Once it became public that Cunneen was under investigation by ICAC she only had one chance to save her reputation and that was to meet the allegations head on in the public inquiry. By doing what she has done she has left a huge question mark that is too big for her to continue as a Crown Prosecutor.
Margaret Cunneen’s skeletons in the closet
Margaret Cunneen made a total fool of herself when she gave evidence a few months ago at the Royal Commission into Institutional Responses to Child Sexual Abuse. She was called as a witness because she gave advice in 2003/04 to a QLD prosecutor that was used to justify not prosecuting swimming coach Scott Volkers for molesting teenage female swimming students.
The advice was scandalous. Ms Cunneen called one complaint “trivial” which came under extreme criticism at the Royal Commission (Click here to read) and Cunneen clearly went out of her way to defend Scott Volkers and attack the credibility of the girls who had been abused (Click here to read more or watch the video)
Margaret Cunneen’s boyfriend Stephen Fletcher
It was reported last month that Ms Cunneen’s boyfriend is looking at being charged with criminal offences:
“A report by the Police Integrity Commission inquiry has found that Mr Fletcher engaged in fraud when he used the identities of a string of police officers to hide his gambling activities with a number of betting agencies.”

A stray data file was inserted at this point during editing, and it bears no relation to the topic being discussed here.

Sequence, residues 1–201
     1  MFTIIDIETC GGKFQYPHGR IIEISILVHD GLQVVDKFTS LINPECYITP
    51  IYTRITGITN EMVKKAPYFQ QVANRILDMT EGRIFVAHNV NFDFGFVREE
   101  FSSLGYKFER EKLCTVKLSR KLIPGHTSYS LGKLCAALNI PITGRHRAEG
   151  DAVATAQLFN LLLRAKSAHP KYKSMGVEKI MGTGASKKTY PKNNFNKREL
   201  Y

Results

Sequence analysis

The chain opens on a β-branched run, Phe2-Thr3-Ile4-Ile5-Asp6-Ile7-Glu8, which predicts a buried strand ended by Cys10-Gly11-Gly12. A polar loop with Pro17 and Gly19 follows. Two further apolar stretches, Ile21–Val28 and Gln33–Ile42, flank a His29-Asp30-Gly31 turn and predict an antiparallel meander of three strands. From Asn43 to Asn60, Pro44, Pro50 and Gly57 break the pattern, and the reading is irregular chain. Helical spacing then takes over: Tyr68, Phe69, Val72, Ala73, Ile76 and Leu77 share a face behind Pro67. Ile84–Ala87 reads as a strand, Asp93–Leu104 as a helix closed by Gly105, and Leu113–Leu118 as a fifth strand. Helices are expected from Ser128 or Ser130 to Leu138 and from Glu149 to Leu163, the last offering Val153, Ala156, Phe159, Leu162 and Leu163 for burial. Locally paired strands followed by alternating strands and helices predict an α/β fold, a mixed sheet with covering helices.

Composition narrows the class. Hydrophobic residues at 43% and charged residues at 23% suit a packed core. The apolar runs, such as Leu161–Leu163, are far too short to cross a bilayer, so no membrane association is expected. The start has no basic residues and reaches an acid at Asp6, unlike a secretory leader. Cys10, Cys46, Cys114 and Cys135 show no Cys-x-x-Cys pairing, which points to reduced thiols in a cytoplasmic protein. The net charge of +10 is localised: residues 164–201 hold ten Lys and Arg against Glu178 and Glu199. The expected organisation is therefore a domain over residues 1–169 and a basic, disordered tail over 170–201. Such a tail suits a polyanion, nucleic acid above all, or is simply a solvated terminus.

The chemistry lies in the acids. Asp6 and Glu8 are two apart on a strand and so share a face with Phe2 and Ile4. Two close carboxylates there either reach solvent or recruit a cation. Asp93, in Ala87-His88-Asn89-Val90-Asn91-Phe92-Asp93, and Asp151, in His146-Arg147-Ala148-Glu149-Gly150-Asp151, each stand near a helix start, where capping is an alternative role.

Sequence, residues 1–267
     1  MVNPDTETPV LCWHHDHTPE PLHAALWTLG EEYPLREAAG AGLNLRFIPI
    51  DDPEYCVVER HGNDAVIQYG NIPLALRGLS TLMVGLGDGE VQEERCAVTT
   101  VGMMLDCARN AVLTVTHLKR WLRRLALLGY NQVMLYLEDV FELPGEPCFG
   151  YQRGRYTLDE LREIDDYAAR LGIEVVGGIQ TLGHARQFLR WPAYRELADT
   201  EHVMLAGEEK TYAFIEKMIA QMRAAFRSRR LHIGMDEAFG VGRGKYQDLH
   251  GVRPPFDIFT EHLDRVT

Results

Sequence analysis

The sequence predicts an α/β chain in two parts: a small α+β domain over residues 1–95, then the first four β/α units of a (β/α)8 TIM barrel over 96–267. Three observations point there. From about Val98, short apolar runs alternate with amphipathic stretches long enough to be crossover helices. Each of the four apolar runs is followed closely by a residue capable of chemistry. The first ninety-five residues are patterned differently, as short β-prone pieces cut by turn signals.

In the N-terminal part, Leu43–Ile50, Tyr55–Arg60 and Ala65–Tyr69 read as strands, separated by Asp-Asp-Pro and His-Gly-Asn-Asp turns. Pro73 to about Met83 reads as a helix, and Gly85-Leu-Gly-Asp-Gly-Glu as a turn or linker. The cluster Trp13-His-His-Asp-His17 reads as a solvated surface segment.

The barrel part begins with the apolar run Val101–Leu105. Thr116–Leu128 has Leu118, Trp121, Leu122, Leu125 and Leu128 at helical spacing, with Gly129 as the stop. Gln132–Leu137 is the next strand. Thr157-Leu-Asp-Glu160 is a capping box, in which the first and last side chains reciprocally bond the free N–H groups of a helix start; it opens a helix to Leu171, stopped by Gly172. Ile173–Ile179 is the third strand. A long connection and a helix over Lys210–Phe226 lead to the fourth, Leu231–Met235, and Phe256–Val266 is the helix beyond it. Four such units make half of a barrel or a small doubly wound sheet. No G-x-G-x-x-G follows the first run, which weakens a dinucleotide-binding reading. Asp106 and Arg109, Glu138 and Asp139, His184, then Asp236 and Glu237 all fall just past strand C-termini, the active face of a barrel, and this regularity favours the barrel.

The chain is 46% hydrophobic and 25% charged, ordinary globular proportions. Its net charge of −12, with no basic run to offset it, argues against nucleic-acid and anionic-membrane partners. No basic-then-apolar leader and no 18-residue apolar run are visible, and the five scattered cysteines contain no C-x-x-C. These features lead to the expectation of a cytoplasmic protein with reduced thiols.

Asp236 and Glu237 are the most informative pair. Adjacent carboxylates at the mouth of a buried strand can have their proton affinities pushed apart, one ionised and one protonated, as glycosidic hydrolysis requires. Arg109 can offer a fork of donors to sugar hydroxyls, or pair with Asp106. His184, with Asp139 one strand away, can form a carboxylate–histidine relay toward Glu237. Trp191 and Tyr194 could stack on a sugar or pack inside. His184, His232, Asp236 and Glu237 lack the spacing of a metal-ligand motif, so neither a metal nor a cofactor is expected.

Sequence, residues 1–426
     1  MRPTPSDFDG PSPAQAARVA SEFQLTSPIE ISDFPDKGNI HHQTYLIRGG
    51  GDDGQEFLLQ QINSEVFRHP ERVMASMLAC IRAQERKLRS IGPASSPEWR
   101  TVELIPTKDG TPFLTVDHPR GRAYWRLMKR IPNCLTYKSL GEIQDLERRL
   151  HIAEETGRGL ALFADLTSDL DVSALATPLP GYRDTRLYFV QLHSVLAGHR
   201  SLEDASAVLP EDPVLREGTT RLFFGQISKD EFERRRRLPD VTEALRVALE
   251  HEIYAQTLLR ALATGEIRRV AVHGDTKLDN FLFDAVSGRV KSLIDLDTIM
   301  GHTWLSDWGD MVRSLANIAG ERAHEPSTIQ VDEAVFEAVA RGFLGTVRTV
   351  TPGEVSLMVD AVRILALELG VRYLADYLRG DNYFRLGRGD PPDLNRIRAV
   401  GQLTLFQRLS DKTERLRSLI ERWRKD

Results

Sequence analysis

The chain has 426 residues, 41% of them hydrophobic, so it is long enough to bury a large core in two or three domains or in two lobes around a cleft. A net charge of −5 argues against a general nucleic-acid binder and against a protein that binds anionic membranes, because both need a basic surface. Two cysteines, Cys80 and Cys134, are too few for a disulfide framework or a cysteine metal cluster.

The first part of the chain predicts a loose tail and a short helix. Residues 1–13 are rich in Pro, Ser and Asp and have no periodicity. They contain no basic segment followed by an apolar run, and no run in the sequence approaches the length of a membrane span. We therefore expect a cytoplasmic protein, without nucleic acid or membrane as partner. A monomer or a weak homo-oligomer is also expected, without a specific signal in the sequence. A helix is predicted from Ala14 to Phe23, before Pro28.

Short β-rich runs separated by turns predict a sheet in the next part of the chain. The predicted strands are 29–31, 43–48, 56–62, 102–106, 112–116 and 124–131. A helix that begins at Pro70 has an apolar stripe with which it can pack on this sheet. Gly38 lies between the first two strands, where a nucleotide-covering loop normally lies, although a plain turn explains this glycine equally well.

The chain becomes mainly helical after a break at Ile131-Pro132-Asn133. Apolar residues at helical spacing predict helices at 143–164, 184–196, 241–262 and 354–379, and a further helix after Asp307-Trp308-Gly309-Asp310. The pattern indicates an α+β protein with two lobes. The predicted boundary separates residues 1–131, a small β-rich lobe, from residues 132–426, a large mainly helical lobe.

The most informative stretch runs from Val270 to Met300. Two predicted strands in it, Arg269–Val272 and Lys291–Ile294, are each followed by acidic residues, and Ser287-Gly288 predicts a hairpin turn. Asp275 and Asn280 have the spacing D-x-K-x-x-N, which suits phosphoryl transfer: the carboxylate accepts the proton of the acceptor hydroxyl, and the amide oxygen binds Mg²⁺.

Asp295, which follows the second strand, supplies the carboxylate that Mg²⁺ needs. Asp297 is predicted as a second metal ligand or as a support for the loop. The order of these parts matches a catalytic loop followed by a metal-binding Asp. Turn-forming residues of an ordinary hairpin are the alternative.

“Criminal charges have also been recommended against another gambler, Darren Azzopardi, and two police officers, former homicide detective Tony “Soup” Williams and Marc Smith, who recently resigned from the police force.”
“Crown Prosecutor Margaret Cunneen, a close personal friend of Mr Fletcher’s, introduced Detective Williams to Mr Fletcher and the prominent gambler also employed Ms Cunneen’s son, Stephen Wyllie.” (Click here to read more)
You can make one or two allowances for people but for Cunneen to continue as a Crown Prosecutor the government will have to make quite a few allowances which is a few too many.
If Premier Baird does not handle the ICAC / Cunneen matter the right way it will make him look weak on corruption. If the High Court upholds the appeal he needs to move fast to change the laws.
Premier Baird also needs to take action on Margaret Cunneen irrespective because as we know “a long line of cases shows that it is not merely of some importance but is of fundamental importance that justice should not only be done, but should manifestly and undoubtedly be seen to be done”. R v Sussex Justices, ex p McCarthy (Click here to read more) And like a lot of people who follow the judiciary and legal fraternity I no longer have any confidence in Margaret Cunneen.
There are quite a few more rounds to go in this matter and I will keep following it as it really is one of the last stands by a corrupt legal fraternity trying to protect themselves. Even the legendary crook himself Graham Richardson is under investigation by ICAC. Now all we need is a federal ICAC.